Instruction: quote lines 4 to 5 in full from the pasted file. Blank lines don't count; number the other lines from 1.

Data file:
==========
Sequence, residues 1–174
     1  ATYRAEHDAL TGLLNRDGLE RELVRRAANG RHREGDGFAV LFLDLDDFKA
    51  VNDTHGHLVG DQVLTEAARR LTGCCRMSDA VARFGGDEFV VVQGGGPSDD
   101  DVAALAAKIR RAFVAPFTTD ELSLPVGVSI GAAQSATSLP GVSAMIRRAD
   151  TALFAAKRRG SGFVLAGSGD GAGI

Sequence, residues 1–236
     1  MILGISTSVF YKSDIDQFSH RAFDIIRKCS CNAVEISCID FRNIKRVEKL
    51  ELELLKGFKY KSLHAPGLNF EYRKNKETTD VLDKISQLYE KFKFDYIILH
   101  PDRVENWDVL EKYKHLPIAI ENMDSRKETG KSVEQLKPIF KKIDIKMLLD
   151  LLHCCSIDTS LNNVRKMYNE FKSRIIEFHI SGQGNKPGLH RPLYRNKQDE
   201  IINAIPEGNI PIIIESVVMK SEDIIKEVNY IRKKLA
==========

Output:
   101  DVAALAAKIR RAFVAPFTTD ELSLPVGVSI GAAQSATSLP GVSAMIRRAD
   151  TALFAAKRRG SGFVLAGSGD GAGI